Friday, September 30, 2005

Don't Look Back

If this were 1966, this street sign would probably last as long as the "Abbey Road" one:

(You've heard of Bob Dylan, haven't you? They say he's the Caetano Veloso of the U.S.!)

Yes, yes, of course I watched the PBS broadcast of Martin Scorsese's Dylan bio. How could I not?

And of course I loved it. How could I not? Admittedly, I thought the whole structure was a little wacky (everything's a flashback from the 1966 concerts where the audience was nearly booing him off the stage), and I was very sad that it stopped so abruptly with the motorcycle accident, effectively omitting the next, oh, FORTY YEARS of the man's career (not Scorcese's idea, we learned in the post-show interview with Charlie Rose). But holy smokes, that was some amazing footage. Suzie Rotolo! The '66 British tour! Crazy press-conference sequences with reporters asking Bob to suck his sunglasses! Bob and Joan B, right here in Buffalo, NY! (Bonus low point: ill-advised duet between these 2 on "With God on Our Side" at Newport.) And so on, and so on. Need I say more, when you can read the thoughts of poet Ron Silliman (thanks, Comrade Lampkin, for bringing that to my attention) and the one and only Right-Wing Bob? (I thought I had posted a link to RWB here right after I discovered the site, which is exactly what it sounds like, but maybe I only did that in my mind.)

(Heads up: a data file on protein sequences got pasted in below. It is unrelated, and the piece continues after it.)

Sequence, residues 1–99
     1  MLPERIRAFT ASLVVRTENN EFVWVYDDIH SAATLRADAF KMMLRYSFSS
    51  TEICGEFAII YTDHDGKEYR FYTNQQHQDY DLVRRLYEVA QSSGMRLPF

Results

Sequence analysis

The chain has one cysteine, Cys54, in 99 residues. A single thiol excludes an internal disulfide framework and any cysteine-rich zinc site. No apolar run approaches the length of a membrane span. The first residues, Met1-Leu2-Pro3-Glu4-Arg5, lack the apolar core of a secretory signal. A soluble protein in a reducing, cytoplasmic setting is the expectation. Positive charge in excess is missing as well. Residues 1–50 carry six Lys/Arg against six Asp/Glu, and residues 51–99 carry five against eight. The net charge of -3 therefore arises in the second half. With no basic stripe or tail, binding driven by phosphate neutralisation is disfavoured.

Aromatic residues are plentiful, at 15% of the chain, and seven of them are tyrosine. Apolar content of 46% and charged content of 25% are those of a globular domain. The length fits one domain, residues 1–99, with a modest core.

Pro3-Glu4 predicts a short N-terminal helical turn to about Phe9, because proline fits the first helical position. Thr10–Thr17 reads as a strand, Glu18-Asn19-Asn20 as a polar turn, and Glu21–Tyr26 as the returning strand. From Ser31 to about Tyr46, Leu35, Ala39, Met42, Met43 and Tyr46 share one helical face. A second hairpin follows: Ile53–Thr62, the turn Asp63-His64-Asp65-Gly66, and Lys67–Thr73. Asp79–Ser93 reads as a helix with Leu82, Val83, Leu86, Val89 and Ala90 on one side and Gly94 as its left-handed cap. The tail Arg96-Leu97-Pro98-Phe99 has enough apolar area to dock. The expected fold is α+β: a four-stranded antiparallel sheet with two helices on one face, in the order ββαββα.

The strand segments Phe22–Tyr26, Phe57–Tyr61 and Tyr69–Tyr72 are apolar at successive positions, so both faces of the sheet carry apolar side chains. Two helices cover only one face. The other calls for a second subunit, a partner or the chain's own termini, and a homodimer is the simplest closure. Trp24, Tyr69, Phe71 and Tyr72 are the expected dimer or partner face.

I had a whole entry planned around the two recent archival releases, Bootleg Vol. 7 and Live at the Gaslight, but I never quite wrote it. Then I was gonna post my actual review of those discs to my website, but I haven't quite done that, either. And I was gonna encourage fellow Dylanologists to pick up the September issue of Mojo, which contains such treasures as a completely random list of the 100 best Dylan songs of his career, a recent interview with the man himself, a review of the aforementioned sort-of-soundtrack-album, and so on, as well as a bonus CD of 15 Dylan covers both sublime (Andrew Bird and Nora O'Connor's "Oh Sister"!) and ridiculous (Nancy Sinatra doing "It Ain't Me,Babe"!) (Also: the Driscoll/Auger version of "This Wheel's on Fire" that served as the title song for AbFab, a typically raw Chris Whitley take on "Spanish Harlem Incident," and a not-great-but-interesting "Girl from the North Country" by Conor Oberst/Bright Eyes, M. Ward, and Jim James of My Morning Jacket.) Good points, bad points--an even mix of both. Perhaps you can still find it somewhere. If not, feel free to blame me for missing out. It's what I'm here for.

Monday, September 26, 2005

I want to wake up

I know the party line on Hurricane Rita is that it wasn't as bad as Katrina, it spared the major cities in its predicted path, etc. But I'm here to say that two of the places it most affected--Beaumont, TX and Lake Charles, LA--happen to be the two places where most of my remaining family lives. My sister, her family, and my father are all up by Dallas now, biding their time until they can go home, which is not possible at the moment given the absence of electricity, drinkable water, drivable streets, workable sewage systems, and other little luxuries like that. It's not entirely clear yet whether they'll even have homes to return to or not, particularly my sister, since hers was a mobile home, and we all know those don't fare too well under hurricane conditions.